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Robert R. McCammon

Robert Rick McCammon is an American novelist from Birmingham, Alabama. One of the influential names in the late 1970s–early 1990s American horror literature boom, by 1991 McCammon had three New York Times bestsellers and around 5 million books in print, his parents are Jack, a musician, Barbara Bundy McCammon. After his parents' divorce, McCammon lived with his grandparents in Birmingham, he received a B. A. in Journalism from the University of Alabama in 1974. McCammon lives in Birmingham, he has a daughter, with his former wife, Sally Sanders. McCammon has published multiple award-winning books, including Mine in 1990 and Boy's Life in 1991. After the release of Gone South, McCammon chose to leave his publisher. After clashing with an editor at a new publisher over the direction for his historical fiction novel Speaks the Nightbird, he retired from writing. After a long hiatus which resulted from the reorganization of the publishing industry and McCammon's personal depression and soul searching, he returned to the publishing world with Speaks the Nightbird, the first book in the Matthew Corbett series.

Publishers Weekly called it a "compulsively readable yarn," and said, "McCammon's loyal fans will find his resurfacing reason to rejoice." Since 2002, thirteen new books have been published, including seven, so far, in the Matthew Corbett series. In 1985, McCammon's story "Nightcrawlers". Like Dean Koontz, McCammon for a while refused to let his first novels be republished because, while not disliking the books, he did not feel that they were up to the standards of his works, he wrote that he feels he was allowed to learn how to write in public, therefore had decided to retire his earlier works. However, Bethany's Sin, The Night Boat, They Thirst were re-released by Subterranean Press as limited edition novels. In a 2013 interview McCammon acknowledged that some readers would like to have a complete collection of his work, said "reading back over those books I find they’re not as poorly written as I recall them to be." They have all been released as ebooks and audiobooks. Baal Bethany's Sin - second published novel, but third written The Night Boat - third published novel, but second written They Thirst Mystery Walk – first novel published in hardcover Usher's Passing - Winner of the 1985 Alabama Library Association Alabama Author Award Swan Song - Co-winner of the 1987 Bram Stoker Award and nominated for the 1988 World Fantasy Award for Best Novel.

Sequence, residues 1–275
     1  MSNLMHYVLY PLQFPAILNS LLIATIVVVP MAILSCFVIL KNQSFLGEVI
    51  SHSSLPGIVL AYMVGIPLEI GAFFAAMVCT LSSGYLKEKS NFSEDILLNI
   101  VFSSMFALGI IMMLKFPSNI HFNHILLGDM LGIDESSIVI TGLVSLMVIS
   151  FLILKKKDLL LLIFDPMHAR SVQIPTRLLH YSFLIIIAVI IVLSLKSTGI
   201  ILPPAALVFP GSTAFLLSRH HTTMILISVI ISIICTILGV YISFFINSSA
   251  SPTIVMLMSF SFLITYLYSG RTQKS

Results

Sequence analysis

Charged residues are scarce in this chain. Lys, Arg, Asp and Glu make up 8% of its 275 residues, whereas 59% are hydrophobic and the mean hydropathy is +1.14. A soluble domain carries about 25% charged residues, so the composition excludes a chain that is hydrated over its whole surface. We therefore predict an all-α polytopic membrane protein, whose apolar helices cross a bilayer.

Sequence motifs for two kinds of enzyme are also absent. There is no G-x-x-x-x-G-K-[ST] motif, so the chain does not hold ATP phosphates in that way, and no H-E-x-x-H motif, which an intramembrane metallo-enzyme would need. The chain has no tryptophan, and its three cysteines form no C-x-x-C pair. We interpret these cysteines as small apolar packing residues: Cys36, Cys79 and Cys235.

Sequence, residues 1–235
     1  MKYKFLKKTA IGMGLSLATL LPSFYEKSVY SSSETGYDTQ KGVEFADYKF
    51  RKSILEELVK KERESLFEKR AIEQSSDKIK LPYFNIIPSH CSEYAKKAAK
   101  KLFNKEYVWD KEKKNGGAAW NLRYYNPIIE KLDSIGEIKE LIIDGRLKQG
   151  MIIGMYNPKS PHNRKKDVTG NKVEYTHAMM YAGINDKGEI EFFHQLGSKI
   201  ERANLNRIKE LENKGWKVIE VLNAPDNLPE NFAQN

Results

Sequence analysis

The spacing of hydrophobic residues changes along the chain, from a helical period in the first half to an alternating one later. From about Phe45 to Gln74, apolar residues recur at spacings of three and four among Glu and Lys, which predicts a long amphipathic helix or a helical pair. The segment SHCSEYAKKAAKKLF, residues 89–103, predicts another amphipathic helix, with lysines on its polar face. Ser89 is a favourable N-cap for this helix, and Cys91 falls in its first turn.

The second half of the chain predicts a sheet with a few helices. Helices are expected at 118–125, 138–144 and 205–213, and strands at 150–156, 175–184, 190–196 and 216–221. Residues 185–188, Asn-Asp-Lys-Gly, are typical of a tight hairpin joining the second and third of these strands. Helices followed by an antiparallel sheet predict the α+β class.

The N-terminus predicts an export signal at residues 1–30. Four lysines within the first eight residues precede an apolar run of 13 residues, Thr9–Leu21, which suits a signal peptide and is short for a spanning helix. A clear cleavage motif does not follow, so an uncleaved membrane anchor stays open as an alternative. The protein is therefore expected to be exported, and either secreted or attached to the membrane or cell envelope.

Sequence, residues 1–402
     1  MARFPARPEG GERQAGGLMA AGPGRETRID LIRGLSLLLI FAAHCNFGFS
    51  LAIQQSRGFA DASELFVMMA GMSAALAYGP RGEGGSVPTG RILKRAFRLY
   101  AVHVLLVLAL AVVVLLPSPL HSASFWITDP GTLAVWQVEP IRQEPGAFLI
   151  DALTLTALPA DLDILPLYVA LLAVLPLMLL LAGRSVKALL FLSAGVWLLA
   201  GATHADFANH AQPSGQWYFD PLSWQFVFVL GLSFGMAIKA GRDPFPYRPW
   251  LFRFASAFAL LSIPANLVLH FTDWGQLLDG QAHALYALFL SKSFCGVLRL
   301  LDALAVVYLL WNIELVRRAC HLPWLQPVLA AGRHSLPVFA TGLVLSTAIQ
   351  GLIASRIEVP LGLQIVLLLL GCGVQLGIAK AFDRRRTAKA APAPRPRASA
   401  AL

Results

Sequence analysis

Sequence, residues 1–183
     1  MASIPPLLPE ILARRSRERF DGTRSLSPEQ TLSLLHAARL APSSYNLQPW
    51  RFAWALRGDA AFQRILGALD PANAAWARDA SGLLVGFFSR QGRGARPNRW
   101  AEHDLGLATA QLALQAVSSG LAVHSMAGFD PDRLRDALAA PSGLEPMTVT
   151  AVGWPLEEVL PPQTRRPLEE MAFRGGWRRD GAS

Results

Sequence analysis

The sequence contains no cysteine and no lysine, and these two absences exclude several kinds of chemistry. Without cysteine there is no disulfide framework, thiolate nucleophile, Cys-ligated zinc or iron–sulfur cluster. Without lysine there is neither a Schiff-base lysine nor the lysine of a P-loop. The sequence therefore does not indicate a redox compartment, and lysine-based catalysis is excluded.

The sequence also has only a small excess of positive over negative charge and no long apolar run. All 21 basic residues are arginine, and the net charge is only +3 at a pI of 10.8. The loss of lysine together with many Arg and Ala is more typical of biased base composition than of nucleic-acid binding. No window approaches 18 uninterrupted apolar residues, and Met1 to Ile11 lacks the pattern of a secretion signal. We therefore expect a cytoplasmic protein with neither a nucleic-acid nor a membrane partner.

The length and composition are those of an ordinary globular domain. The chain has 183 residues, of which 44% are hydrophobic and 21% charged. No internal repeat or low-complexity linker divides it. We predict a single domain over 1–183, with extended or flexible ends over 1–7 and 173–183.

The Five The Border The Listener The Wolf's Hour - Nominated for the 1989 Bram Stoker Award for Best Novel.

Howard Unwin Moffat

Howard Unwin Moffat served as second premier of Southern Rhodesia, from 1927 to 1933. Born in the Kuruman mission station in Bechuanaland, Moffat was the son of the missionary John Smith Moffat and grandson of the missionary Robert Moffat, the friend of King Mzilikazi and the father-in-law of David Livingstone. Howard Moffat attended St. Andrew's College, Grahamstown in 1885. After service in the Bechuanaland Border Police, Moffat moved to Bulawayo and served in the 1893 Matabele War and the Anglo-Boer War, he was elected to the Legislative Council in 1923 as member for Victoria and served as Minister of Mines and Works under Charles Coghlan. He succeeded as premier after Coghlan's death in 1927. Moffat was viewed as a conservative who believed that Rhodesia would join the Union of South Africa, he oversaw the purchase, for £2 million, of the British South Africa Company's remaining mineral rights in Southern Rhodesia. His government passed the 1930 Land Apportionment Act, which defined the pattern of land allocation and ownership and is viewed as being one of the ultimate causes of the land disputes during land reform in Zimbabwe from 2000.

He was succeeded by George Mitchell. In the 1933 general election he lost his seat. In the 1939 general election Moffat attempted to restart the Rhodesia Party but this met with failure

Transbase